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Prion disease update 2012

The number of deaths due to definite or probable vCJD as of Mon 7 May 2012 remains 176. No definite/probable patient remains alive, so the total number of definite or probable vCJD cases (dead and alive) remains 176.
The overall picture remains consistent with the view that the vCJD
outbreak in the UK is in decline, albeit now with a pronounced tail.
The 1st cases were observed in 1995, and the peak number of deaths was
28 in the year 2000, followed by 20 in 2001, 17 in 2002, 18 in 2003, 9
in 2004, 5 in 2005, 5 in 2006, 5 in 2007, one in 2008, 3 in 2009, 3 in
2010, 5 in 2011, and none so far in 2012

Totals for all types of CJD cases in the UK in the year 2012
During 2012 so far [as of 7 May 2012], there have been 35 referrals,
23 fatal cases of sporadic CJD, none of GSS
[Gerstmann-Straussler-Scheinker disease], one case of familial CJD, no
cases of vCJD, and no cases of iatrogenic CJD.

Since records began in 1990, there have been 2921 referrals, 1329
fatal cases of sporadic CJD, 176 cases of vCJD, 95 cases of familial
CJD, 68 cases of iatrogenic CJD, and 45 cases of GSS.

Communicated by:

[These data are consistent with the conclusion that the vCJD outbreak
in the UK is in decline. – Mod.CP

The interactive HealthMap/ProMED map for the UK is available at: – CopyEd.EJP]

[2] CJD risk – Health professionals
Date: 12 Apr 2012
Source: Eurosurveillance, Volume 17, Issue 15, 12 April 2012;
surveillance and outbreak reports [edited]
Health professions and risk of sporadic Creutzfeldt-Jakob disease,
Summary and conclusions:
In 2009, a pathologist with sporadic Creutzfeldt-Jakob Disease (sCJD)
was reported to the Spanish registry. This case prompted a request for
information on health-related occupation in sCJD cases from countries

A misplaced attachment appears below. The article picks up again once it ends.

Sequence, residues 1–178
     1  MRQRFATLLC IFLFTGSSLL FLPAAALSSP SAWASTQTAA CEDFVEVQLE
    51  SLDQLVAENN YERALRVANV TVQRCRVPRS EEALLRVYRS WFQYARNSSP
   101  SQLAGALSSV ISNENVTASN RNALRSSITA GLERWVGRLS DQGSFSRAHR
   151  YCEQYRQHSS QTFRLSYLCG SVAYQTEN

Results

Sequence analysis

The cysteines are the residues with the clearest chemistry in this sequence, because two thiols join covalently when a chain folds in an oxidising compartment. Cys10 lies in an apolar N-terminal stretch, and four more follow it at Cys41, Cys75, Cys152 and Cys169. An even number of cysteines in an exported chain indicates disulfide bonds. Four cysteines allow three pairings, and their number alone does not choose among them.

participating in the European Creutzfeldt Jakob Disease Surveillance
network (EuroCJD).

Responses from registries in 21 countries revealed that of 8321
registered cases, 65 physicians or dentists, 2 of whom were
pathologists, and another 137 health care workers had been identified
with sCJD. 5 countries reported 15 physicians and 68 other health
professionals among 2968 controls or non-cases, suggesting no relative
excess of sCJD among health care professionals. A literature review
revealed: (i) 12 case or small case-series reports of 66 health
professionals with sCJD, and (ii) 5 analytical studies on
health-related occupation and sCJD, where statistically significant
findings were solely observed for persons working at physicians’
offices (odds ratio: 4.6 (95 CI: 1.2-17.6)).

We conclude that a wide spectrum of medical specialities and health
professions are represented in sCJD cases and that the data analysed
do not support any overall increased occupational risk for health
professionals. Nevertheless, there may be a specific risk in some
professions associated with direct contact with high human-infectivity

[Reported by: Alcalde-Cabero E, Almazin-Isla J, Brandel JP, Breithaupt
M, Catarino J, Collins S, Hayback J, Hoftberger R, Kahana E, Kovacs
GG, Ladogana A, Mitrova E, Molesworth A, Nakamura Y, Pocchiari M,
Popovic M, Ruiz-Tovar M, Taratuto AL, van Duijn C, Yamada M, Will RG,
Zerr I, de Pedro Cuesta J.]

Communicated by:

[These results are consistent with the view that sporadic CJD is
rarely if ever transmissible. – Mod.CP

The interactive HealthMap/ProMED map for Spain is available at: – CopyEd.EJP]

[3] CJD surveillance in Denmark
Eurosurveillance, Volume 17, Issue 15, 12 April 2012; Surveillance and
outbreak reports [edited]
Description and analysis of 12 years of surveillance for
Creutzfeldt-Jakob disease in Denmark
Summary and conclusions:
Prospective surveillance of Creutzfeldt-Jakob disease (CJD) was
initiated in Denmark in 1997, following the observation of variant CJD
[vCJD] in the United Kingdom. Demographic, clinical and diagnostic
information was collected for each patient with clinical suspicion of

Here we describe the methods for surveillance and the observed
outcomes between 1 Jan 1997 and 31 Dec 2008. A total of 83 patients
were classified as sporadic CJD, 47 were definite diagnoses, 34
probable and 2 possible. This resulted in a mean incidence of 1.26